Temas Especiales

07 de Jun de 2023


Retail favorites bid goodbye

So far Panama seems to have esscaped the blight and consumer confidence here has been rising.

So far Panama seems to have esscaped the blight and consumer confidence here has been rising.

I was surprised to hear that in Washington DC many stores are continuously on sale, in what seems to be an extended version of the end-of-summer sales and back-to-school sales so characteristic of August. Expats going back home for a visit will be surprised to see these sales have run in to October, with fall rain in the offing and more than 8 weeks into the school year.

This comes as no surprise when reading about the weakening consumer spending in the U.S. A country characterized with overspending its budget is now forced to learn to slow down. Consumer spending in August turned the weakest performance in six months, underscoring the threat the economy faces as the government’s stimulus program fades into the past. Economic uncertainty and high food and oil prices seems to have made even those earning money to keep a tight rein on spending it.

Consumers' appetite for discretionary purchases has dwindled sharply, leading to shrinking sales month after month SOme retailers, are trying to lure in the few shoppers still out in the malls with discounts in an attempt to prevent joining the expanding string of store closings.

Which brings me to the second retail surprise trips back to the U.S. might bring. Many retail chains are bidding goodbye for good. Wickes Furniture closed down its 36 stores. Friedman's is in the process of selling off jewelry and is closing its 377 stores, while hall Jewelers is liquidating its 300 stores. Even those keeping some open are significantly reducing their store numbers: Foot Locker is closing 140 stores; Wilson's Leather is closing 160; Ann Taylor, 117; and jeweler Zales has closed 105.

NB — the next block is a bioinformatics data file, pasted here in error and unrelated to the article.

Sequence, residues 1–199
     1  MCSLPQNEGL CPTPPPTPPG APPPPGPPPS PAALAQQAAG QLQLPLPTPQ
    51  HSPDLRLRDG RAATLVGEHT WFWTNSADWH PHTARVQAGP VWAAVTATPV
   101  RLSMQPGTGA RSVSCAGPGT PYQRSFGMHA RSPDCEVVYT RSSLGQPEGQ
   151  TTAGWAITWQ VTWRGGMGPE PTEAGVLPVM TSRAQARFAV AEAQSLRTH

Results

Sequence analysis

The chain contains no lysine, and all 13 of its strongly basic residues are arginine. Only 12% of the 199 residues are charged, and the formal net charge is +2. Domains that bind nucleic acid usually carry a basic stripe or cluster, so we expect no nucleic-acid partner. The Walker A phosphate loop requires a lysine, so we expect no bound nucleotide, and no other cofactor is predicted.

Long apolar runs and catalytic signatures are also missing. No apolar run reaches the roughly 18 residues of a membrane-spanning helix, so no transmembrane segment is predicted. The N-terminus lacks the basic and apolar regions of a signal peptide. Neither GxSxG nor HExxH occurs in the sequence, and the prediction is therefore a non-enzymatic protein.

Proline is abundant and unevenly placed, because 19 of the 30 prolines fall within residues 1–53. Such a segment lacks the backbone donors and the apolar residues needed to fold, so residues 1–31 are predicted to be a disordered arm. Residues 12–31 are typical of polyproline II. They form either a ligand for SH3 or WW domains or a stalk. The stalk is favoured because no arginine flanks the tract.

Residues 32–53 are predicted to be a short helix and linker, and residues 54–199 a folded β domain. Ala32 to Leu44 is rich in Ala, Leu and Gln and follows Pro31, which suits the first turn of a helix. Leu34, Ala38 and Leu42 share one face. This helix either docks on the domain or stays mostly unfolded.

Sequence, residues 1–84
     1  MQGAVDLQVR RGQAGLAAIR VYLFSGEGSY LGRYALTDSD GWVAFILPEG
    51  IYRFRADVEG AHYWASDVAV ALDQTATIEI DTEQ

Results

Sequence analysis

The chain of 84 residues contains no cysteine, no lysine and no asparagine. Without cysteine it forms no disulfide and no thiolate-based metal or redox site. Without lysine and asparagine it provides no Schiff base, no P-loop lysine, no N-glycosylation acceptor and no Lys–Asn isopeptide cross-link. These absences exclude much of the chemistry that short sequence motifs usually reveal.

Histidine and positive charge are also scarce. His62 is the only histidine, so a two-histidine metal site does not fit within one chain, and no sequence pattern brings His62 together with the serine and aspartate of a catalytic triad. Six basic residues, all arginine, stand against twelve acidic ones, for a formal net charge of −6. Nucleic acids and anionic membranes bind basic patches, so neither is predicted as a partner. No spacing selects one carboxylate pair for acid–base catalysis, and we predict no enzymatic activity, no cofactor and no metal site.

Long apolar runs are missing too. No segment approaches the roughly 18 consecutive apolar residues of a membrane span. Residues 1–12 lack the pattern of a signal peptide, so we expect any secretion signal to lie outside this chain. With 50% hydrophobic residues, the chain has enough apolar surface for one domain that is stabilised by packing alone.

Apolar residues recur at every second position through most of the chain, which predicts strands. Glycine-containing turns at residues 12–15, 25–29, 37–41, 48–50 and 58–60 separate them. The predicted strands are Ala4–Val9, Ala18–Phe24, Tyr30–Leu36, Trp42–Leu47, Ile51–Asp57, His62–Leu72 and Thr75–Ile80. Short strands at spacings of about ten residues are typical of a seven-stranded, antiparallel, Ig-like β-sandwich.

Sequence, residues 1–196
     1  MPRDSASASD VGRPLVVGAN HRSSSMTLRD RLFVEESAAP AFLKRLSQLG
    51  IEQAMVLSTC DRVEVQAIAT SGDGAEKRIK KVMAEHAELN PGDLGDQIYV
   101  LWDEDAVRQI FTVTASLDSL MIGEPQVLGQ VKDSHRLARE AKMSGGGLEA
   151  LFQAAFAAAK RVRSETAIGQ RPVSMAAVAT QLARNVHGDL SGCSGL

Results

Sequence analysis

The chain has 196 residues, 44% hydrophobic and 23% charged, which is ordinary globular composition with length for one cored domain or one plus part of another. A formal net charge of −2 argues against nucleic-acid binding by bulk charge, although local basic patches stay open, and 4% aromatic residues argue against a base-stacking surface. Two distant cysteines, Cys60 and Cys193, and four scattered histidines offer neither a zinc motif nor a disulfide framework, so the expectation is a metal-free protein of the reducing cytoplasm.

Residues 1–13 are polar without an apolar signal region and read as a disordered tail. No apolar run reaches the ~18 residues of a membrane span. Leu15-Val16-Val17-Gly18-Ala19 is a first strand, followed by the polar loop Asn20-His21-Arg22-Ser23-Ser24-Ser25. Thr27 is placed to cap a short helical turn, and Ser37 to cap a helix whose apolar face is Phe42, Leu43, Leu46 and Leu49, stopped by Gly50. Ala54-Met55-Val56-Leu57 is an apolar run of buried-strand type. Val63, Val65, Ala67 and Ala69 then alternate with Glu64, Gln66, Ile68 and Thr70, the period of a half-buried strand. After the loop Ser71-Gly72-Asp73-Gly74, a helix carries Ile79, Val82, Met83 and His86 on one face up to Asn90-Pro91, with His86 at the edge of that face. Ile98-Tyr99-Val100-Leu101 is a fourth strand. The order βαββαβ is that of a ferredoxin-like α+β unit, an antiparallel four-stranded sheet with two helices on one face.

This year has also seen many prestigious and well-known retail companies filing Chapter 11 bankruptcy (which gives companies time to reorganize in hopes of dealing with its debt): lectronic gizmo retailer Sharper Image, Linen ´N Things, Boscov’s department-store chain, Mervyn’s chain in California, Shoe Pavilion, Goody’s, Wickes, Lillian Vernon and Dan River. By the end of August, even Mrs. Fields revealed that the loyal friend of mall-shopping sweet teeth is crumbling.

The sad reality is that almost all of the retailers that filed for Chapter 11 protection in the first three months of 2008 dissolved quickly and were forced to close down stores given the shortage of financing. Among them was Sharper Image. This puts into question the fate that awaits the rest. Many might be forced to liquidate quickly like Sharper Image, case,eans we might soon be bidding goodbye to those too. So on your next visit to the States don’t be surprised if you find the retail scenario has changed considerably

Meanwhile, in Panama, as I walk across the halls of Albrook Mall or Multiplaza Pacific I wonder if U.S. consumer spending trends are reverberating or will soon reverberate in this country. The lack of sales across town makes me think that stores are not suffering as much, but then again, Panamanian retail stores do not tend to go on sale as often as their U.S. counterparts regardless of the economy.

According to recent reports, the Panamanian Consumer Confidence Index (ICCP) for August showed that consumers in Panama seem more optimistic about the future compared to the last couple of months, which makes me think that for now the hoard of people I see in malls—whether residents or tourists—are involved in more than mere window shopping. For the sake of our local retailers, let’s hope that’s true.